Pro-Abortion Congressmen Draft Letter to Bush Against Protecting Doctors
by Steven Ertelt
July 24, 2008
Washington, DC (LifeNews.com) — Over 100 members of Congress have crafted a letter to President Bush calling on him to "halt all action" on a policy proposal that would help protect medical professionals who don’t want to be involved in abortions. The draft would also help medical clinics that don’t want abortions done on site.
The Bush administration wants to make sure hospitals and other medical facilities that receive federal funding follow federal laws and guarantee they will not refuse to hire medical staff who refuse to participate in abortions.
The facilities would be required to sign written certifications as a prerequisite for receiving the federal funds.
The letter follows on the objections of abortion advocates who assert that the Bush administration is making contraception abortion with the definitions in the proposal.
The letter says the draft regulation’s "definitions are so broad as to go far beyond abortion politics and threaten virtually any law or policy designed to protect women’s access to safe and effective birth control."
The "draft regulation could have a disastrous effect upon access to safe and effective birth control for millions of women across the country," the House members claim.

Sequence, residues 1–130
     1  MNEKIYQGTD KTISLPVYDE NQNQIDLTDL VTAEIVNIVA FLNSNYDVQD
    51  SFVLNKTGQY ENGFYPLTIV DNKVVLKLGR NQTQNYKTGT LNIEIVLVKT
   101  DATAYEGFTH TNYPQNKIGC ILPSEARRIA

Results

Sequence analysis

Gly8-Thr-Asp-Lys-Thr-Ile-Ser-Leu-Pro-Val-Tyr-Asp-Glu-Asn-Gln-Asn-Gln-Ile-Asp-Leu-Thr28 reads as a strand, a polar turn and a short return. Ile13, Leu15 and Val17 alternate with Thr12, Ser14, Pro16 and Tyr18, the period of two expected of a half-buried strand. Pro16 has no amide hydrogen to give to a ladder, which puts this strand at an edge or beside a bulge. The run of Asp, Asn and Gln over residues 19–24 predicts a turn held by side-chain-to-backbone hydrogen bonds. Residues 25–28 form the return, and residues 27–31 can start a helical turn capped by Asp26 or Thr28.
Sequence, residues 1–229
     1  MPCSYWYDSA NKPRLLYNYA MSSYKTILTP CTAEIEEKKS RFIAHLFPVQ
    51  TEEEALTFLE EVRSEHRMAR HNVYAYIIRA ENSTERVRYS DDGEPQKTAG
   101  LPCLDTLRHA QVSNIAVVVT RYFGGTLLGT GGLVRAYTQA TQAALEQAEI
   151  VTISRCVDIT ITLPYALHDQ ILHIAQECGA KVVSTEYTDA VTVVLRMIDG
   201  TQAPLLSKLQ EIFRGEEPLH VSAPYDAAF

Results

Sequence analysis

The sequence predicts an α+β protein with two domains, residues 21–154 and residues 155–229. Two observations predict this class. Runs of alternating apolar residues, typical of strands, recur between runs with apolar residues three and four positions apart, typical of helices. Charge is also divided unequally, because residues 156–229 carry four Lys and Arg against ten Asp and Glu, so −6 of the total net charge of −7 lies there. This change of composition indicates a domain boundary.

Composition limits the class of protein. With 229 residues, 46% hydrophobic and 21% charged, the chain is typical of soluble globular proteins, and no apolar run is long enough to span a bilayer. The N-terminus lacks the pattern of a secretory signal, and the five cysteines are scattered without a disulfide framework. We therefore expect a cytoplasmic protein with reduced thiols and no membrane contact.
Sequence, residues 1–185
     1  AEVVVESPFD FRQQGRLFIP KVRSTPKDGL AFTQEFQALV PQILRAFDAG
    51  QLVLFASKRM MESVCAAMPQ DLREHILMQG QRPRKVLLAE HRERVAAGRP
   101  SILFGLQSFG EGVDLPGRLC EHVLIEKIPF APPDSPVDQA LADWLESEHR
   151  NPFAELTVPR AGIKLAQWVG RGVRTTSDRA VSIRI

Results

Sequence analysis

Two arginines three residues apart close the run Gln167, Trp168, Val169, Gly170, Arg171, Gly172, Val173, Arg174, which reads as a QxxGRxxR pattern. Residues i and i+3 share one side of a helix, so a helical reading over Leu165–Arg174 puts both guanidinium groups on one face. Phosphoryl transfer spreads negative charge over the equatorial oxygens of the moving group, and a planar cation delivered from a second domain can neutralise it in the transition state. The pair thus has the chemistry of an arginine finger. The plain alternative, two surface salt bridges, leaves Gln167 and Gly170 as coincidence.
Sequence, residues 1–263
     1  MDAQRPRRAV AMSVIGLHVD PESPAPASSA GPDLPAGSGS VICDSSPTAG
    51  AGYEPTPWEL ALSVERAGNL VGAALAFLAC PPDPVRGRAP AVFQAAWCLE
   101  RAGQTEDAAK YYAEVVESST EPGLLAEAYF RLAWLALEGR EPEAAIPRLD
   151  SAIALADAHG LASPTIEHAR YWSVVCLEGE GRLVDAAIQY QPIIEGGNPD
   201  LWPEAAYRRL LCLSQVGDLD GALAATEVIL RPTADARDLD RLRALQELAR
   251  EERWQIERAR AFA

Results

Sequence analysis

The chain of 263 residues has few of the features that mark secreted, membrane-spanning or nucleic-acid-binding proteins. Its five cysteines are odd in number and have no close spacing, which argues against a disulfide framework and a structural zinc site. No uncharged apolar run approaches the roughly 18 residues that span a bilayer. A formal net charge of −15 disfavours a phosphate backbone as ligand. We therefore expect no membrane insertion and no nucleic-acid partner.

"It would allow any provider, who wants to deny a woman emergency contraception or even birth control pills, to claim protection based on a personal belief that such pills fit the regulatory definition," it asserts.
The proposed HHS rules define abortion as any of the various procedures including the prescription, dispensing and administration of any drug or the performance of any procedure or any other action that results in the termination of the life of a human being in utero between conception and natural birth, whether before or after implantation.
The health and Human Services Department issued a statement responding ot the criticism.
"Over the past three decades, Congress has passed several anti-discrimination laws to protect institutional and individual health care providers participating in federal programs," the department said. "HHS has an obligation to enforce these laws and is exploring a number of options."
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